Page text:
The end of the Bretton Woods system and the emergence of freely floating currencies have allowed the existence of systematic investing strategies in the currencies. Those FX strategies are already well-researched and are supported by academic work. Among them, the carry trade strategy is probably the most well-known in the currency market and also probably the most profitable one.
In the past decades, the daily volume in the currency market has increased nearly tenfold. The FX market is currently dominated by large and sophisticated investors. However, the idea of the carry trade strategy is really simple, strategy systematically sells low-interest-rates currencies and buys high-interest rates currencies trying to capture the spread between the rates. Moreover, considering a longer time frame, there is a low correlation between the returns of employing the carry strategy and the returns which could be gained from investing in more traditional asset classes such as equities and bonds. That makes a carry strategy a proven and profitable way how to diversify a portfolio. However, the investor must pay attention to the carry trade strategy’s correlation with global financial and exchange rate stability.
Overall, in the academic literature, there is a consent that the foreign exchange carries trade anomaly works. For example, Acemoglu, Rogoff, and Woodford in the Carry Trades and Currency Crashes says “A “naive” investment strategy that chases high yields around the world works remarkably well in currency markets. This strategy is typically referred to as the carry trade in foreign exchange, and it has consistently been very profitable over the last three decades.”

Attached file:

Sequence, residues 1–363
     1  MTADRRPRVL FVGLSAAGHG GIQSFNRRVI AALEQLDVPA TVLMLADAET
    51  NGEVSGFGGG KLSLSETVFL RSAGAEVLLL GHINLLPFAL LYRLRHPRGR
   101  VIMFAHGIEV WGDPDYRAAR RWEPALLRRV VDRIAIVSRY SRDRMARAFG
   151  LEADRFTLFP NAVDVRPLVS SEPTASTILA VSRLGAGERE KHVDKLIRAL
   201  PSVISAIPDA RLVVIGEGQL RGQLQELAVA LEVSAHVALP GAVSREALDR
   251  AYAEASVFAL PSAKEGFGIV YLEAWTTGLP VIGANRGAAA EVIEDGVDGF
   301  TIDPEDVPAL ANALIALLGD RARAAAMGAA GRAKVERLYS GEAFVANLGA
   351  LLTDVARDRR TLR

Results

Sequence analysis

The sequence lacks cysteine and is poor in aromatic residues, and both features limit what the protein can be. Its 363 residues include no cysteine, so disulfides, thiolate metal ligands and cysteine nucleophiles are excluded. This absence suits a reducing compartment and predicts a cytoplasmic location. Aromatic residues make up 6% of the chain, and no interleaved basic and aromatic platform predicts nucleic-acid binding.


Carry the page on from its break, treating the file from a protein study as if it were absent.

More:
The academic theory says that according to the uncovered interest rate parity, carry trades should not yield a predictable profit because the difference in interest rates between two countries should be equal to the rate at which investors expect the low-interest-rate currency to rise against the high-interest-rate one. High-interest rate currency often does not fall enough to offset carry trade yield difference between both currencies, because the inflation is lower than that which was expected in the high-interest-rate country. Additionally, the carry trade trading often weakens the currency that is borrowed, and the reason is simple -> investors convert the borrowed money into other high-yielding currencies. This causes additional price drift. Capturing those gains is possible by a systematic portfolio rebalancing.
Backtest period from source paper
Confidence in anomaly's validity
Notes to Confidence in Anomaly's Validity
Notes to Indicative Performance
per annum, performance is calculated from Deutsche Bank Currency Carry USD Index
Period of Rebalancing
Notes to Period of Rebalancing
Notes to Estimated Volatility
volatility is calculated from Deutsche Bank Currency Carry USD Index
Number of Traded Instruments
Notes to Number of Traded Instruments
it depends on investor’s need for diversification (10-20)
Notes to Maximum drawdown
Notes to Complexity Evaluation
CFDs, forwards, futures, swaps
Simple trading strategy
Create an investment universe consisting of several currencies (10-20). Go long three currencies with the highest central bank prime rates and go short three currencies with the lowest central bank prime rates. The cash not used as the margin is invested in overnight rates. The strategy is rebalanced monthly.
Hedge for stocks during bear markets
No - FX Carry is strongly correlated to the business cycle and therefore is susceptible to drawdown during periods of stress (as equities are too) …
Out-of-sample strategy's implementation/validation in QuantConnect's framework